Observation 106256: Bryoria Brodo & D. Hawksw.

When: 2012-05-16

Collection location: Turnbull National Wildlife Refuge, Spokane Co., Washington, USA [Click for map]

47.43° 116.4732° 719m

Who: nastassja (Nastassja Noell)

Specimen available

Site #6; coll. #16 (1 of 2+ Bryoria)

Habitat: P. ponderosa grove, near clean inflow wetlands, 50%+ canopy cover.

Substrate: dead P. ponderosa, collected from 5 feet off ground.

Thallus very soft, wispy, thin, main branches less than 0.3mm – slightly faveolate, up close it is pale, far away is looks medium brown-green.

Soredie/Soralia the soralia forms are there, but the soredia was gone before I collected it.

Pseudocyphellae light brownish.

Chemistry PPD+orange-yellow cortex; PPD-medulla; K+red, KC_yellowish-orangish, C-.

Using McCune’s key I get: B. pseudofuscens.
Using Gowards key I get: B. pseudofuscens though it is listed to be more at upper forested elevations in this area, though we are up on the Columbia Plateau so perhaps that’s good enough for this lichen individual.


the one of the left is our lichen in question here.
K-test – norstictic acid crystals, beautiful.

Proposed Names

83% (1)
Eye3 Eyes3
Used references: Goward et al. “Lichens of British Columbia”
McCune et al. “Macrolichens of the PNW
Based on microscopic features: no soredia seen.
Based on chemical features: PPD+orange-yellow cortex; PPD-medulla; K+red, KC_yellowish-orangish, C-.
55% (1)
Used references: McCune et al. “Lichens of the PNW
Goward et al. “Lichens of British Columbia”
Based on chemical features: PPD+orange-yellow cortex; PPD-medulla; K+red (Norstictic acid), KC_yellowish-orangish, C-.

Please login to propose your own names and vote on existing names.

Eye3 = Observer’s choice
Eyes3 = Current consensus


Add Comment
They’re gorgeous!!
By: nastassja (Nastassja Noell)
2012-08-22 15:05:18 CDT (-0400)
Right on!
By: Jason Hollinger (jason)
2012-08-22 01:32:07 CDT (-0400)

Those crystals are awesome, aren’t they?

Too much reagent was a big problem for me
By: Jason Hollinger (jason)
2012-08-20 21:41:12 CDT (-0400)

Capillary tubes rocked my world. But there are other things you can try. There’s a funky fountain pen you can get, but a bit pricey. You can try paint brush or toothpick. Trevor uses a needle, although I confess I don’t know how he gets that to work(!) Another MO user figured out that Q-tips work well, in some cases at least (it pulls the result away and makes it really visible against the white cotton, but I don’t know how well it works on fleeting tests like gyrophoric or alectorialic acid). The key is to try to get it to be as controlled as possible, and apply it just to the one microscopic place that you want. I can’t stress how much this helped boost my confidence in my spot tests.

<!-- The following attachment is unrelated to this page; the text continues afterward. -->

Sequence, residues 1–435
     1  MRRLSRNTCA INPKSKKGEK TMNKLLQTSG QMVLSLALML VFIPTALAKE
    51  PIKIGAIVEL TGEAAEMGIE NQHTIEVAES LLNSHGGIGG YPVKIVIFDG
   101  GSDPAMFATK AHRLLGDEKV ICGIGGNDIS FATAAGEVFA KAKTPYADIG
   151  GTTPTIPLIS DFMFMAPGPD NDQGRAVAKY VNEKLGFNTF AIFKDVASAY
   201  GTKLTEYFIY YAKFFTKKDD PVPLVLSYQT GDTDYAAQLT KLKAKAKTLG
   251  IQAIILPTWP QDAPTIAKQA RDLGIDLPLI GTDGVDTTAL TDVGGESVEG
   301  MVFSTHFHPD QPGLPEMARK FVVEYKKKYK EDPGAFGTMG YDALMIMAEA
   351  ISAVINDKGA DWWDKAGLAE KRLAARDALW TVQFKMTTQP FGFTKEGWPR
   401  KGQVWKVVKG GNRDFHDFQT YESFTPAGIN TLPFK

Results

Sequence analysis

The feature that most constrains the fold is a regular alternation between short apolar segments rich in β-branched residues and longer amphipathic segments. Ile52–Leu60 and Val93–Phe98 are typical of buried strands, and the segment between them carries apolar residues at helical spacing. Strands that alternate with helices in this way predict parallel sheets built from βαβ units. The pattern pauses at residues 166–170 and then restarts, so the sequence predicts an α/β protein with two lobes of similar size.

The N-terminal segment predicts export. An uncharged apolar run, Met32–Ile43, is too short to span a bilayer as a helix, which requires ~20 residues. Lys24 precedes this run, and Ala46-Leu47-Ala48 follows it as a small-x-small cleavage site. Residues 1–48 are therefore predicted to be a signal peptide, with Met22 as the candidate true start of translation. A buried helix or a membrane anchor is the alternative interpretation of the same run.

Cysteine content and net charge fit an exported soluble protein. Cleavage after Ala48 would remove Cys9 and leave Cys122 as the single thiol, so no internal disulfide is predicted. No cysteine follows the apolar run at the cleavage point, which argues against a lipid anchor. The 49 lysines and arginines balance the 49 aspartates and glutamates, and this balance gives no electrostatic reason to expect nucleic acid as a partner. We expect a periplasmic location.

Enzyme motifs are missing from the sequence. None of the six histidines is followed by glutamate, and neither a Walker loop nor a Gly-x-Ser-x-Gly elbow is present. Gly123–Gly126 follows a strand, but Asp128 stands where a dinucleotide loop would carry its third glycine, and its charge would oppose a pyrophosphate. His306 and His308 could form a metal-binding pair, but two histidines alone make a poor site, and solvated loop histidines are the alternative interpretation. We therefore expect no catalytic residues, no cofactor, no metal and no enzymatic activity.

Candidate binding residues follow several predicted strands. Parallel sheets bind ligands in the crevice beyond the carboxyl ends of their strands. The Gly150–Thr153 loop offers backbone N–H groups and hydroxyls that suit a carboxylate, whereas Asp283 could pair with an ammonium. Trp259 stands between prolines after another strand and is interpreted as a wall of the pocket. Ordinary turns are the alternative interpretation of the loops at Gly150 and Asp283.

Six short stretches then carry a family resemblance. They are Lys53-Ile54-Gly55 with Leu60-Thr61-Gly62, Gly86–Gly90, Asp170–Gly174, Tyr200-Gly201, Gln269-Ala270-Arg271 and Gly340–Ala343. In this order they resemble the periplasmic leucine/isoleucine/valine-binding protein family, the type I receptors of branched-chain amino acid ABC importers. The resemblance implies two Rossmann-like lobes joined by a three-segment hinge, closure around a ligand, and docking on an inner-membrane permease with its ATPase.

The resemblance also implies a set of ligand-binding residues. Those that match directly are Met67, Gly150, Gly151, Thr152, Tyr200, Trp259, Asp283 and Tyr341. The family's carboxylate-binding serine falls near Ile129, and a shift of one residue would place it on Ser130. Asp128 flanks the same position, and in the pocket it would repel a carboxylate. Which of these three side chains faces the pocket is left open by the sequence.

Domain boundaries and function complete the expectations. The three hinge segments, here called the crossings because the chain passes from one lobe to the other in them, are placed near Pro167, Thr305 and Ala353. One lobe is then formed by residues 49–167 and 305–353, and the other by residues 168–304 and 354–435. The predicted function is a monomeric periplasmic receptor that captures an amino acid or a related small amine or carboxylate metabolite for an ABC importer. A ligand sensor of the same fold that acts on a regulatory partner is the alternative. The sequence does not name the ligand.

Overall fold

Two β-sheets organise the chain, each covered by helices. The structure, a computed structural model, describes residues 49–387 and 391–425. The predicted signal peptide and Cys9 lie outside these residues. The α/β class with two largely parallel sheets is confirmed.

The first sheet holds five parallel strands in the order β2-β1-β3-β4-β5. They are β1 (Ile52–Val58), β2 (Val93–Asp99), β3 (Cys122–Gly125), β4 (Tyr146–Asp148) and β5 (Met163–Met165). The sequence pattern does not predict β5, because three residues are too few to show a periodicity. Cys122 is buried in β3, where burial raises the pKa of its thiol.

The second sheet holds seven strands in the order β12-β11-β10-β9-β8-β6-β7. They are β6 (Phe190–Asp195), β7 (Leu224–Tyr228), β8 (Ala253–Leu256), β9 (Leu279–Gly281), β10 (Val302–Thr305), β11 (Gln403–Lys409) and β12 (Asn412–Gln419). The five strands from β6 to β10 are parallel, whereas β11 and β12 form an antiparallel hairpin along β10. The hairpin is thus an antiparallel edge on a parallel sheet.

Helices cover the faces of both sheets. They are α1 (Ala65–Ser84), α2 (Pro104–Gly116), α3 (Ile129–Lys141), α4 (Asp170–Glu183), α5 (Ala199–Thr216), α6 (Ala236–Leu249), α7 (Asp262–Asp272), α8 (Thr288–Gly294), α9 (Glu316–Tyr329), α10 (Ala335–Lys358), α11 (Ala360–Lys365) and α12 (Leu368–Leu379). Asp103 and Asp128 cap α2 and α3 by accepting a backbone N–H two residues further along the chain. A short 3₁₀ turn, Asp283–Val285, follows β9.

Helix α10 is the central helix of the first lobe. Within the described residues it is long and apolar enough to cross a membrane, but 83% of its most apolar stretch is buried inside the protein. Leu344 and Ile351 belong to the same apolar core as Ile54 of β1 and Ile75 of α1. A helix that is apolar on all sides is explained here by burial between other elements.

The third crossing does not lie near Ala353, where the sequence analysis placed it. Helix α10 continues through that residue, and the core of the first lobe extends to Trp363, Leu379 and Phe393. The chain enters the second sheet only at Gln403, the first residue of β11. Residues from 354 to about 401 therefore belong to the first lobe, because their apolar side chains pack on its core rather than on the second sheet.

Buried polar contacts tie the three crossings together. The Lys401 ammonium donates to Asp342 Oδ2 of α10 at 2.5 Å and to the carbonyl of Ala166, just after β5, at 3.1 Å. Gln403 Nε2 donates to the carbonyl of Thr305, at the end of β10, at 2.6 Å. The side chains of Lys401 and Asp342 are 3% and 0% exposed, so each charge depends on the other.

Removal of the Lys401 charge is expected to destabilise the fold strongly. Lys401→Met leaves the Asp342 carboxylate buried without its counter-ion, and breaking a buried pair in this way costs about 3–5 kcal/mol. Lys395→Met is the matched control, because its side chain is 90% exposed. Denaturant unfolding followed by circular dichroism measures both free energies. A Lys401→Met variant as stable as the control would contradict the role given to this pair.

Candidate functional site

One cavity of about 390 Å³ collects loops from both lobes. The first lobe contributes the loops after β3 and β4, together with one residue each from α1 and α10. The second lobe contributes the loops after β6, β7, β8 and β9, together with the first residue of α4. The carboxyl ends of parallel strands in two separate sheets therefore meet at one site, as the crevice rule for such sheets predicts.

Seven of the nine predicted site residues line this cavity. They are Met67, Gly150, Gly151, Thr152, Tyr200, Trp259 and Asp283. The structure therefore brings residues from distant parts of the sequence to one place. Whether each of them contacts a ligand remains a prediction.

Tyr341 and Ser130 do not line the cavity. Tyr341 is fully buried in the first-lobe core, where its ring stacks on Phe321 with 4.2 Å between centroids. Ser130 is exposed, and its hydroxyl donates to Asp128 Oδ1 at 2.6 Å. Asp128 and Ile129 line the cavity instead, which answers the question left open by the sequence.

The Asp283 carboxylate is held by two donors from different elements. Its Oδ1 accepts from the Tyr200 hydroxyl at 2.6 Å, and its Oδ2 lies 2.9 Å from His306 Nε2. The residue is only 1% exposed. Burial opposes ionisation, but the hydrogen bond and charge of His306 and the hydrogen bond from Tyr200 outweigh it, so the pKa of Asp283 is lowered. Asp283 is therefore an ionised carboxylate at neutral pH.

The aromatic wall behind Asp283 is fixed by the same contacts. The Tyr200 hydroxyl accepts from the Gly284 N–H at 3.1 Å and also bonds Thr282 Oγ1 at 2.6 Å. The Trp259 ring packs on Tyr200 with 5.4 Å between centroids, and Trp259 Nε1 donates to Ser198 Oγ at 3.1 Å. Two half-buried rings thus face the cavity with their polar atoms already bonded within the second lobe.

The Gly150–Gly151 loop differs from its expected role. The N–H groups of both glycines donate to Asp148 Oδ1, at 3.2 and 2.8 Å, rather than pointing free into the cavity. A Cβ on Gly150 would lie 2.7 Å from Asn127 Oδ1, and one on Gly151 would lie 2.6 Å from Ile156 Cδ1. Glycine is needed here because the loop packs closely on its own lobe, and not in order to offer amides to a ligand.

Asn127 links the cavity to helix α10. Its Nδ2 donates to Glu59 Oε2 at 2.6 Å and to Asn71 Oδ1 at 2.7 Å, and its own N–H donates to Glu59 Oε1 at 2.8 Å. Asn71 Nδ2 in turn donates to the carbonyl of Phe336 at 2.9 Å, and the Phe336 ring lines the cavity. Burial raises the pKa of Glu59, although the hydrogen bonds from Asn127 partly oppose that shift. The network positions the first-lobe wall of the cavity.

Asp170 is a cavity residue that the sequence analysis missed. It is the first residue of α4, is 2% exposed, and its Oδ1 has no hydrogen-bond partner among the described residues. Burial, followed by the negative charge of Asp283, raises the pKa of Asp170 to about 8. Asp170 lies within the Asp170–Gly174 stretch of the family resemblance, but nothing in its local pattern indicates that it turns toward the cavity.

Thanks :)
By: nastassja (Nastassja Noell)
2012-08-20 21:28:57 CDT (-0400)

I’ll try the K test under the scope…

No capillary tubes, just these ridiculously large plastic eye droppers I found in the biology stockroom :) dilution may be a problem now that you mention it. I am using a paper towel beneath the fragment to absorb the color though… although I do get alot of soup when I use use these little well dishes so I try to stuff them full with lots of sample to compensate, but alas, perhaps thats working :) back to petri dishes…

I’ll try the series again, for a 3rd time, eek!!!

Pale generally means B. capillaris or B. pseudofuscescens
By: Jason Hollinger (jason)
2012-08-20 21:01:34 CDT (-0400)

But neither have soralia. Be careful to distinguish kinks and other deformities from true soralia. And be careful to separate out mixed species. (Trevor would spend literally hours cleaning out tangles from type specimens piece by piece under a dissecting scope!)

How are you doing the spot tests? I’m just concerned that the C may be getting too diluted and reading false negatives. It will be fleeting at best, anyway, by the way.

A good test to verify presence of norstictic acid is to place a piece on a tiny drop of K on a slide and look at it under 400x-1000×. It should form little needle- or star-shaped red crystals, at least after a minute or two.

Another option that I find effective is to break off a tiny part of one branch, place it on a piece of tissue, and apply reagent with a capillary tube under the dissecting scope. Hard to describe, but what happens if done right is the reagent wicks away immediately carrying the color of the reaction with it. You can probably get false negatives this way, but it is very convincing if it works. I’ve yet to miss norstictic doing it this way, for example. (I have Trevor confirm all my Bryoria IDs; he owes me at least that much! :)

Created: 2012-08-20 19:48:58 CDT (-0400)
Last modified: 2012-08-21 21:18:25 CDT (-0400)
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